Here a few common things you may encounter when you attempt to compile parts of the HTTPClient.
You need to compile the classes using JDK 1.1 or later; the classes will not compile under JDK 1.0.2.
These can be safely ignored. The two places where deprecated API's are used are:
Cookie.java: the constructor '
new Date(...)' is used because I need a flexible date parser to handle all the (broken) date formats used out there. Note that java.text.SimpleDateFormat doesn't even begin to cut it because it's far too restrictive, and I don't feel like writing my own parser (i.e. subclass of java.text.DateFormat) right now.
System.runFinalizersOnExit(...)' is deprecated as of JDK 1.2. However, I need it to save the cookies at exit time. JDK 1.3 has a better solution, but until everybody has switched to that I'm stuck.
As with using the HTTPClient, all the sources must be in a directory called HTTPClient and the CLASSPATH must point to the directory which contains the HTTPClient directory (i.e. it must point to one level above the sources).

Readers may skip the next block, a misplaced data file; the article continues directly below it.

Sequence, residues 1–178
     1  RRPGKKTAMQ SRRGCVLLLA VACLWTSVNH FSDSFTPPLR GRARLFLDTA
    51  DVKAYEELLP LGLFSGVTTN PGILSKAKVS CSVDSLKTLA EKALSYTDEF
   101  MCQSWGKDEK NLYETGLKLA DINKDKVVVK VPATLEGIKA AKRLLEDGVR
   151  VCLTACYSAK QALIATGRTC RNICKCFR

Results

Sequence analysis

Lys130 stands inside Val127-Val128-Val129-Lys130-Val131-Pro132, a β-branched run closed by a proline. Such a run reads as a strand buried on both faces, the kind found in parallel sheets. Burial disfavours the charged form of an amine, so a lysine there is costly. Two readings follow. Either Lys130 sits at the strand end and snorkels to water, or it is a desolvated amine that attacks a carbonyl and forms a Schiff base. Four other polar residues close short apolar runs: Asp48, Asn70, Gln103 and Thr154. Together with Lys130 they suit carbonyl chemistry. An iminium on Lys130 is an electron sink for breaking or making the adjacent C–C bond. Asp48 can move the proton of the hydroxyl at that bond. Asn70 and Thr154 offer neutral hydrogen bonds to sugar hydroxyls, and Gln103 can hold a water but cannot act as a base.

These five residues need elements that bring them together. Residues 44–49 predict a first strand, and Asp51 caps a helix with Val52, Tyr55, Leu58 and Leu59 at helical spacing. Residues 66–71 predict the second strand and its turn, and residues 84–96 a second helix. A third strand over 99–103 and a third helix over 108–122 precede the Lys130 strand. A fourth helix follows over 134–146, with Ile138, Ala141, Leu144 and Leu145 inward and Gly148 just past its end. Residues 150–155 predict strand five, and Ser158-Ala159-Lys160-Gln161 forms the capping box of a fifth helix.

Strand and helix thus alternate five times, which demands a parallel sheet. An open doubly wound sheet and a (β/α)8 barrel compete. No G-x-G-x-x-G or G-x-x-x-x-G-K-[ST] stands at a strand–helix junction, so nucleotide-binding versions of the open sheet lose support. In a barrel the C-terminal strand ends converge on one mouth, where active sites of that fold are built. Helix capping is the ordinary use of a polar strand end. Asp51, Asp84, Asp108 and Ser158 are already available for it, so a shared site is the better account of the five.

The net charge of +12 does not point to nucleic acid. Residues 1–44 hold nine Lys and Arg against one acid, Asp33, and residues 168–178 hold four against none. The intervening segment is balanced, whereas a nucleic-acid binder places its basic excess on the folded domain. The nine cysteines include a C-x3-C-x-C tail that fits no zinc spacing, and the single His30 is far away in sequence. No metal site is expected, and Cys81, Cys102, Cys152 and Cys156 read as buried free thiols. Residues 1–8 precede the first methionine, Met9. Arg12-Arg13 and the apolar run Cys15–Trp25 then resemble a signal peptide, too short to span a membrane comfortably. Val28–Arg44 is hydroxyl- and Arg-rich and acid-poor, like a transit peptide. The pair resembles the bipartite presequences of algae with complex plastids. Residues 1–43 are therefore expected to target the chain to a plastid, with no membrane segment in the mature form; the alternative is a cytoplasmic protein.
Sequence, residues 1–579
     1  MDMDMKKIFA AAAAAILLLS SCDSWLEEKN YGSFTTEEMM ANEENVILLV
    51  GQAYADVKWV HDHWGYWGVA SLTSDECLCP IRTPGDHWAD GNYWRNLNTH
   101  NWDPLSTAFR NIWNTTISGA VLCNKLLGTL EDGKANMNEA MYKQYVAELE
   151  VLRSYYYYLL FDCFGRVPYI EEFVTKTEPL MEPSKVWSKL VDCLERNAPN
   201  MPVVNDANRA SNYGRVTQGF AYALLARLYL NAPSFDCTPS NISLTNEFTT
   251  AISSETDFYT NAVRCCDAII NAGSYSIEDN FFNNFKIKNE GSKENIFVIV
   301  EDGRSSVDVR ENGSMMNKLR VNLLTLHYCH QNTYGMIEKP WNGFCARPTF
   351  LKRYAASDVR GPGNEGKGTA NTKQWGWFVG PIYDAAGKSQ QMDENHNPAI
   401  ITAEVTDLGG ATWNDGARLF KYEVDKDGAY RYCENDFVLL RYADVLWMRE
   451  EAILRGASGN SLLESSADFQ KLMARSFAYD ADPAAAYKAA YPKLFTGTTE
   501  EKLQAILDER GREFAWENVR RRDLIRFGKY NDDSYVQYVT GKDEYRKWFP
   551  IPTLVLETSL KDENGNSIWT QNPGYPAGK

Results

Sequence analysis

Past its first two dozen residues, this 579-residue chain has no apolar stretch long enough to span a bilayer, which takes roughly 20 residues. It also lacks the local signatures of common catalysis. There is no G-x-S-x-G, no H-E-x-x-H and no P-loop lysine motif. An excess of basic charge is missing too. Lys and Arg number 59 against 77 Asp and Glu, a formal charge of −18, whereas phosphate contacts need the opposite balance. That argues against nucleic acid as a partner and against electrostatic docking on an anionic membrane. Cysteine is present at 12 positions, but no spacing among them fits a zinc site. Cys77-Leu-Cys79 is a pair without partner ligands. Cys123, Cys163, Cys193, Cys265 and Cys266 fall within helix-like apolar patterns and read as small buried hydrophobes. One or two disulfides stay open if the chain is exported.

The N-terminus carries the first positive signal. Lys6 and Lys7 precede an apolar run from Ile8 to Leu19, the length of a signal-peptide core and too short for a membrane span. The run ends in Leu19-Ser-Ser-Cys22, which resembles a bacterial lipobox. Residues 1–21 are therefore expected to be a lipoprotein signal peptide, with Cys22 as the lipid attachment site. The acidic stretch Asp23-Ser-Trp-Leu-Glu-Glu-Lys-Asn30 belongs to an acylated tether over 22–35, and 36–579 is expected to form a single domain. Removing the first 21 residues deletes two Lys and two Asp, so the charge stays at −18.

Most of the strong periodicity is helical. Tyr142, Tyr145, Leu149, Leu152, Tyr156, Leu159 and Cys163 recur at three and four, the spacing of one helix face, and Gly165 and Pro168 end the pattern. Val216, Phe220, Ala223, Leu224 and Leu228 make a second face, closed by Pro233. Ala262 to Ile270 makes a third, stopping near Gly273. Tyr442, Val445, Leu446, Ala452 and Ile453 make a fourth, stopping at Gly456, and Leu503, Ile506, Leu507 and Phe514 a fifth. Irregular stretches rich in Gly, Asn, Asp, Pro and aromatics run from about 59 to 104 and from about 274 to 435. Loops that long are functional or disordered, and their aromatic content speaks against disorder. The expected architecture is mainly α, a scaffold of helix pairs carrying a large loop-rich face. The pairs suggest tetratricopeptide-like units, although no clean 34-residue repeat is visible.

.../HTTPClient/XXX.java: Class HTTPClient/XXX already defined in .../HTTPClient/XXX.java
This happens in some versions of JDK 1.1.x and is a bug in the compiler. Either use a different version of JDK 1.1, to JDK 1.2, or create a separate source directory, move the sources into there, and compile the classes into the actual HTTPClient directory (using the -d <directory> option to javac).
A makefile is provided. However, it's set up for my Linux environment, so you'll need to tweak the definitions at the beginning appropriately. If you're using M$ then you'll probably need to change a number of things; however, the dependencies should be ok.